The love for God and all of God's children are the two universal features of every major spiritual system. When we argue about our rightness, we leave those two basic spiritual commandments on a scrap heap, and make the question about us and our beliefs. We violate what we claim as our most precious beliefs. We dismiss any view of God that is different from ours. We brand as sinners or infidels any person who doesn't meet our standards.

    Dr. Martin Luther King Jr. once mused about the church so often being a tail light reflecting where we'd been rather than a head light that illuminates where we should be going. Historically, organized religion has not led change. It certainly won't be the force that leads us back to our true spiritual roots. That will only be accomplished when individuals like you and I breathe life into the love for God and all God's children. As more of us take daily stands for those principles, we will incite change. Perhaps one day the church's tail lights will catch up with God's head lights.

    I wish that I had the truth about God and the divine plan. I keep thinking that it would make life much easier if I achieved that level of certainty. But the more that I learn, the more questions I have. Maybe that's the way God intended it to be. Maybe we all have some portion of the truth. Maybe if we listen to each other and all of the evidence that is available, we will acquire a greater knowledge of the truth. Maybe the recognition that we only have a dim view will increase our humility in the sight of God. Maybe that recognition will give us a greater sense of interdependence with others and lead us to a deeper love and concern for others. Maybe together we can approach closer to God.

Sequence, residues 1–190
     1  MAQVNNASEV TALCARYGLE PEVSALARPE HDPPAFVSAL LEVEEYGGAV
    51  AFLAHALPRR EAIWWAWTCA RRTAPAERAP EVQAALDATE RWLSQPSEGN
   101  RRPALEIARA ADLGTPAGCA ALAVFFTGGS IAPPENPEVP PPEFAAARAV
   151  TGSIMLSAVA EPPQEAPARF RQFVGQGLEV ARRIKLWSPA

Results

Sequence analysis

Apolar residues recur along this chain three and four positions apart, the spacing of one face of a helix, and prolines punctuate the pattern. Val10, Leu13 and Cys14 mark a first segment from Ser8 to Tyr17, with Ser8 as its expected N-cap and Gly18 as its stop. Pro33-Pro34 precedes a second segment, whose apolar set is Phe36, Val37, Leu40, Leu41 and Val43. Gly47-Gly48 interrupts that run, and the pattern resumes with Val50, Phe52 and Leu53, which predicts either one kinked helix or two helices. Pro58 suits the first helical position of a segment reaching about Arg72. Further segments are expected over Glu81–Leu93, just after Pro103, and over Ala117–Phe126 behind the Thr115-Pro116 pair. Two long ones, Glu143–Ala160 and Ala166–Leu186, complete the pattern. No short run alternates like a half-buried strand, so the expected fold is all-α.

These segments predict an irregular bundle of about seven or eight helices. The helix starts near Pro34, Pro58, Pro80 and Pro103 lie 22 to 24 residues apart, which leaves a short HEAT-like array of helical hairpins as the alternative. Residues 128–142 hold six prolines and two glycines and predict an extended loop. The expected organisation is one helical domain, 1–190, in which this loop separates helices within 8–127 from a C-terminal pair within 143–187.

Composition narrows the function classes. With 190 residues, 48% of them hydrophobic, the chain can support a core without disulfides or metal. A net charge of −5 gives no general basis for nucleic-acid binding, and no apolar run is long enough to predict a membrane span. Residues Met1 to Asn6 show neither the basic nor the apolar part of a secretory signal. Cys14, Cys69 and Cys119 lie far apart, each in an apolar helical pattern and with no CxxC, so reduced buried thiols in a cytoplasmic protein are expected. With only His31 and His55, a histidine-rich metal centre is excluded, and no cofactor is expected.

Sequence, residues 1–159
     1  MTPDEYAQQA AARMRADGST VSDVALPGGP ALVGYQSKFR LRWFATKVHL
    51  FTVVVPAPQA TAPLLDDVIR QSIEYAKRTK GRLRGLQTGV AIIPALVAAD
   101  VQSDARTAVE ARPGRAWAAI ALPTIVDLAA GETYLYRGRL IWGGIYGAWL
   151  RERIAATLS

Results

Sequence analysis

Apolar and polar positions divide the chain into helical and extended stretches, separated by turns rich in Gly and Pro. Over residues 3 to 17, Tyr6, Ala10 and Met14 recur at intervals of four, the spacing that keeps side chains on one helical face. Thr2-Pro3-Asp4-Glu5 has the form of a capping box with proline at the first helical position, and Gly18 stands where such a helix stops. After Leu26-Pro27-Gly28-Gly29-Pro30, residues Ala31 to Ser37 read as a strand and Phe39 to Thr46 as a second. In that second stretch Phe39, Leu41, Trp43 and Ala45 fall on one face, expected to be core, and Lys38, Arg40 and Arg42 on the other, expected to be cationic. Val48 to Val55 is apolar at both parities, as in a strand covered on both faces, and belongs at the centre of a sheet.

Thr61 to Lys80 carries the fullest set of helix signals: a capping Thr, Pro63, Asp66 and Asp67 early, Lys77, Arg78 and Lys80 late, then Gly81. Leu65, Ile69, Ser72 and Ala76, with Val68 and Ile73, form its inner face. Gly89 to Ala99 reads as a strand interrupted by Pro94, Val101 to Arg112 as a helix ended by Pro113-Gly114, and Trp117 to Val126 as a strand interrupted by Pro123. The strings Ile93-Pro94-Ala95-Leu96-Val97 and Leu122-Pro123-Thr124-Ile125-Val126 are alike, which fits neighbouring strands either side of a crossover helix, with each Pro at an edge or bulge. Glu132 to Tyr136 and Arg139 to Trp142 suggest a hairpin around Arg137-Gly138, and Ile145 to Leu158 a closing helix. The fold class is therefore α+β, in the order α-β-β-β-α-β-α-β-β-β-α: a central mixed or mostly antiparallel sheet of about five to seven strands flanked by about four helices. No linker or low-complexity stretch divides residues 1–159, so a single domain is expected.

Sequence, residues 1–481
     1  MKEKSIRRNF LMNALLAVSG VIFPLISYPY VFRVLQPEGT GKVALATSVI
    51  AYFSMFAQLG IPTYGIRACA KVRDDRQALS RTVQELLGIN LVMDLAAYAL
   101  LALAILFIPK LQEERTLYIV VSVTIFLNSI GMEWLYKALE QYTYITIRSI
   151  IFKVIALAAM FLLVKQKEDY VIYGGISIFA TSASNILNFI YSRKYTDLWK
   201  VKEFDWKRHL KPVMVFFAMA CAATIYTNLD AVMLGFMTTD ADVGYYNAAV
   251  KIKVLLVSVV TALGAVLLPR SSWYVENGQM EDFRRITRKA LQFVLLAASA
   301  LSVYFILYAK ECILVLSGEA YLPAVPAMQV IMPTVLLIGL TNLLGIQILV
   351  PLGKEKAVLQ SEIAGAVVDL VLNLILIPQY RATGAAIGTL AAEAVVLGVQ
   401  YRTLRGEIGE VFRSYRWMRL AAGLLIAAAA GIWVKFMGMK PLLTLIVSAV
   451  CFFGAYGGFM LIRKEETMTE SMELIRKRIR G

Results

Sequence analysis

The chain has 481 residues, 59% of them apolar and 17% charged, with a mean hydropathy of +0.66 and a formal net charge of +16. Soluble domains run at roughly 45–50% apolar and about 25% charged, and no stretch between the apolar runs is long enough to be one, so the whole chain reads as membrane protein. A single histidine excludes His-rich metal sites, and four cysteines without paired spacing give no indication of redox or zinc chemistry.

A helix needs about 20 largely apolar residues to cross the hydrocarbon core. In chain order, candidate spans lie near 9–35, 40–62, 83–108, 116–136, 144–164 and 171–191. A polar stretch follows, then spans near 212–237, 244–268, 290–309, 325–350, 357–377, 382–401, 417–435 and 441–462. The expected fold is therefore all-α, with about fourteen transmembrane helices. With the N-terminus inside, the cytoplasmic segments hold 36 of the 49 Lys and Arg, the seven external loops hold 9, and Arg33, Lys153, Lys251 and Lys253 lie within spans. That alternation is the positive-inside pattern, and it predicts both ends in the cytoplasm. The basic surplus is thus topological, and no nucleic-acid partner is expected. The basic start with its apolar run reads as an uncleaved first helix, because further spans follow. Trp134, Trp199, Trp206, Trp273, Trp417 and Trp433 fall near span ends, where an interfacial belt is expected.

Some religious leaders and institutions will continue to focus on self-preservation because of the wealth, power and control that the status quo provides. But that doesn't excuse my attempts to exercise power over others.

    Some will continue to use religion for personal gain by controlling others and getting them to accept poor conditions here so they will be rewarded in the after life. But that doesn't authorize me to do likewise.

    Some will continue to be dogmatic and find ways to isolate groups of people with differing views from God. But that doesn't exempt me from loving everyone including those who are judgmental towards me.

    Some will continue to be rife with hypocrisy and still wrap themselves in a cloak of holiness to cover their transgressions. But that doesn't excuse hypocrisy in my life.

    I am not the vessel of complete truth, but I do know that I must keep trying to love God and love all God's children. And, while I am doing that, I must try to maintain a seeking mind that is open to truth and wisdom.


    Rachel Miller is the author of the community best seller, The Bliss of Becoming One! [Rainbow Books, 1996] and a frequent contributor to the transgender press. Additional articles and other information can be found on Rachel's Web site, www.rachelmiller.info.

    Copyright © by the author